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Walrus surprise residents in remote Alaska village

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ANCHORAGE, Alaska — Residents of a village of 110 on the Alaska Peninsula see the occasional walrus in Bering Sea waters, but when 200 packed a beach just outside the community, it took them by surprise.

Port Heiden’s Tribal Council President John Christensen, Jr. was on a beach ride with four-wheelers April 7 and smelled something foul, he said Wednesday.

“We thought something was dead, so we were looking for dead sea otters or seals on the beach so we could report them to the LEO (Local Environmental Observer) Network,” he said.

He followed his nose for a couple of miles and was startled to see a beach crowded with walruses.

“We were wondering what those white things in the sky were,” he said. “You could see their tusks in the air. When we got closer, we could see their bodies.”

Two weeks later, Christensen saw more than a thousand walruses gathered about 20 miles (32 kilometres) outside the village.

Joel Garlich-Miller, a U.S. Fish and Wildlife Service biologist with a focus on walruses, is not sure why they are gathering on the Alaska Peninsula, the land mass that juts from mainland Alaska toward the Aleutian Islands, but it may be related to food availability.

Male and female walruses spend winters in the Bering Sea but separate when ice recedes with warmer temperatures.

Females and their calves ride the sea ice north all the way through the Bering Strait into the Chukchi Sea, using ice as a platform to dive for clams and other mollusks and rest.

Male walruses traditionally spend summers in the Bering Sea, often on islands or remote locations in Bristol Bay roughly 130 miles (209 kilometres) north of Port Heiden, Garlich-Miller said.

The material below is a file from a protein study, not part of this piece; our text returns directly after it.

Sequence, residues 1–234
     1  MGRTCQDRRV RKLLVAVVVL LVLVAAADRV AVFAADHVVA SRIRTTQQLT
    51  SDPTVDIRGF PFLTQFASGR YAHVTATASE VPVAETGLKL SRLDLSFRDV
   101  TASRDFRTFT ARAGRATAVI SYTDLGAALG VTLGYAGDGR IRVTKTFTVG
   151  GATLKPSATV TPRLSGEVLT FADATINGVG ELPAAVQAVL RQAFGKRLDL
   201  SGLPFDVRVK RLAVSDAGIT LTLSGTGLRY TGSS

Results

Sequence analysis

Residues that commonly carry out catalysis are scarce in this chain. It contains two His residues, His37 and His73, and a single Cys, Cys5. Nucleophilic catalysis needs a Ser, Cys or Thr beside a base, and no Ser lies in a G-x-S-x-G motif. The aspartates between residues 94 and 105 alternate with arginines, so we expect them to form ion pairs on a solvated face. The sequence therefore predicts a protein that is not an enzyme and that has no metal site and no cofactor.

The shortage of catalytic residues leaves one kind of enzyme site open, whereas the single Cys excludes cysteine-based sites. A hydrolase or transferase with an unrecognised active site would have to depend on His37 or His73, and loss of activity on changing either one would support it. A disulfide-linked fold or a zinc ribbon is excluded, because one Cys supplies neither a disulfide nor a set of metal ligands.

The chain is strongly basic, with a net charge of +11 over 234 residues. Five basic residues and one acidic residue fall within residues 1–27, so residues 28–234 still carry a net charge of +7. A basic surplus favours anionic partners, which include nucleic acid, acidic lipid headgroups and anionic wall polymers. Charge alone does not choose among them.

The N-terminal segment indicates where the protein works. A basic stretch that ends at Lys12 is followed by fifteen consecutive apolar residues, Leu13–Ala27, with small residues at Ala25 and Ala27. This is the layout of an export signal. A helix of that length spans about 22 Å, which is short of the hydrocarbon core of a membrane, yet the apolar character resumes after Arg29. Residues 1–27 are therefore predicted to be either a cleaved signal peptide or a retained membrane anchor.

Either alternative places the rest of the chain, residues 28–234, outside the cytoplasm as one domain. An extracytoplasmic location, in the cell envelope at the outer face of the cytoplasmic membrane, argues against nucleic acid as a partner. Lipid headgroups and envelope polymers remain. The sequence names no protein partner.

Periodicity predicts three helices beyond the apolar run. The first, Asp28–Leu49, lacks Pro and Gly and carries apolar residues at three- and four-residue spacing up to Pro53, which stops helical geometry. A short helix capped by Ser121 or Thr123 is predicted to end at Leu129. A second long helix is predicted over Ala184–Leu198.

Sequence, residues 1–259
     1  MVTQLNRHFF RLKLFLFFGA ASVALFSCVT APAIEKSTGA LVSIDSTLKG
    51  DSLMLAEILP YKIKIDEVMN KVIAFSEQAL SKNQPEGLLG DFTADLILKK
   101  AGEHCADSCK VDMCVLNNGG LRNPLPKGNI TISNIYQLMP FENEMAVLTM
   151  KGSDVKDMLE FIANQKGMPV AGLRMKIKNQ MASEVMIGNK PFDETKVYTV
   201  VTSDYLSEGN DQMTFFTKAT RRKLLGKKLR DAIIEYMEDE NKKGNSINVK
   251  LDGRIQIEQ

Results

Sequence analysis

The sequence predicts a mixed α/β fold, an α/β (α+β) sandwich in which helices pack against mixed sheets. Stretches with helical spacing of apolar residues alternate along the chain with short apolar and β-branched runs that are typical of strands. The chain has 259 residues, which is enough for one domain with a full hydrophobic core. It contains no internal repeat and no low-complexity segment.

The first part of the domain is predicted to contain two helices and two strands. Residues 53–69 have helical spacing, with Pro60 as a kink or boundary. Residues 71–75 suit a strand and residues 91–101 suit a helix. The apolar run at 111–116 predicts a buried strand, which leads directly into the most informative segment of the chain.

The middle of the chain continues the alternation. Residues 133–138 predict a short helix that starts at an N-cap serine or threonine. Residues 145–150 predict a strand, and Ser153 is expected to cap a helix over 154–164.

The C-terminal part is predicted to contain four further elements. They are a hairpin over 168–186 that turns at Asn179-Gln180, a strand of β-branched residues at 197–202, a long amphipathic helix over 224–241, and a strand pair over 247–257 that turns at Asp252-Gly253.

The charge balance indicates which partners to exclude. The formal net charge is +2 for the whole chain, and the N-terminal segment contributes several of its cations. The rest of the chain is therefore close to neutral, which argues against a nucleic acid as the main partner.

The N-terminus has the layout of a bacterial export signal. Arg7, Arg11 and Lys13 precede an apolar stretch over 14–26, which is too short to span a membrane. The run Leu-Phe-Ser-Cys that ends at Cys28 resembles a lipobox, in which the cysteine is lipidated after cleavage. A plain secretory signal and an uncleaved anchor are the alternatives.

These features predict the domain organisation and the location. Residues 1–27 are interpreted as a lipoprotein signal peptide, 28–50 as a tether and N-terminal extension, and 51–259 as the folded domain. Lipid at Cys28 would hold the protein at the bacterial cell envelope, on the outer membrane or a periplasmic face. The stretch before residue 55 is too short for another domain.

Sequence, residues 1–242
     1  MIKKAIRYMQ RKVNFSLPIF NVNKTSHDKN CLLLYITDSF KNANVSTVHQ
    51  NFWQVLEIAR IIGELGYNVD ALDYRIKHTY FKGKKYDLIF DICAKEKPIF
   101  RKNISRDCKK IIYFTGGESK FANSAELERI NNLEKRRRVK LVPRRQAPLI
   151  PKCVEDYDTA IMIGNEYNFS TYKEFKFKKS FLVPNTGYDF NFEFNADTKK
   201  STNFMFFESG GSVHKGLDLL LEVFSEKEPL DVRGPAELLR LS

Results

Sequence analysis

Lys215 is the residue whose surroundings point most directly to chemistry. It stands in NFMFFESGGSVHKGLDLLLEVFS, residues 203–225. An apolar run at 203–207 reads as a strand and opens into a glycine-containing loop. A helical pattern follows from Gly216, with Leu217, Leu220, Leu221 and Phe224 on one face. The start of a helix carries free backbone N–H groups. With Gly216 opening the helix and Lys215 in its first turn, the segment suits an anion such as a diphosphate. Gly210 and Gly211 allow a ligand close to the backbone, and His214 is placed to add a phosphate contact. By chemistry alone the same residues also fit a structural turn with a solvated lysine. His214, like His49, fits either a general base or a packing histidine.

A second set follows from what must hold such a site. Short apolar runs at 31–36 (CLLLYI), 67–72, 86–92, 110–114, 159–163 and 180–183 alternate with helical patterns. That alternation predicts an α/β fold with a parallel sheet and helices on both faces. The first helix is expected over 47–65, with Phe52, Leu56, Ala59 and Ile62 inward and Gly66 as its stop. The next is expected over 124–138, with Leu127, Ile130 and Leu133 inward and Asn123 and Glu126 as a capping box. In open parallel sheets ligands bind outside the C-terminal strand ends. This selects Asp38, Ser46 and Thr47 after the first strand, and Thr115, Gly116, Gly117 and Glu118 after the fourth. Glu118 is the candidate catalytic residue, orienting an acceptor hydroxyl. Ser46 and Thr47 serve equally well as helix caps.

In the late 1980s, as many as 10,000 walruses would gather on Round Island, part of a state wildlife sanctuary. In recent years, however, only 2,000 to 3,000 show up on Round Island, Garlich-Miller said.

That could be an effect of sea ice not forming as far south as in past years and male walruses spending more time in the northern Bering Sea, he said.

However, big bull walruses regularly go on foraging trips of five to seven days before “hauling out” to rest on land and may be spreading out to find better areas for diving, he said.

“They are trying to optimize their foraging,” he said. “One can imagine these many thousands of animals can probably put a hurt on some of the benthic resources they’re targeting.”

A chief concern for the agency is keeping walruses safe in the resting areas.

Noisy approaches by people can startle herds, sending walruses stampeding into water, which can crush and kill vulnerable animals. Frequent disturbances also can drive walruses away from preferred resting areas, Garlich-Miller said, causing them to expend more energy foraging and affecting their overall body conditions.

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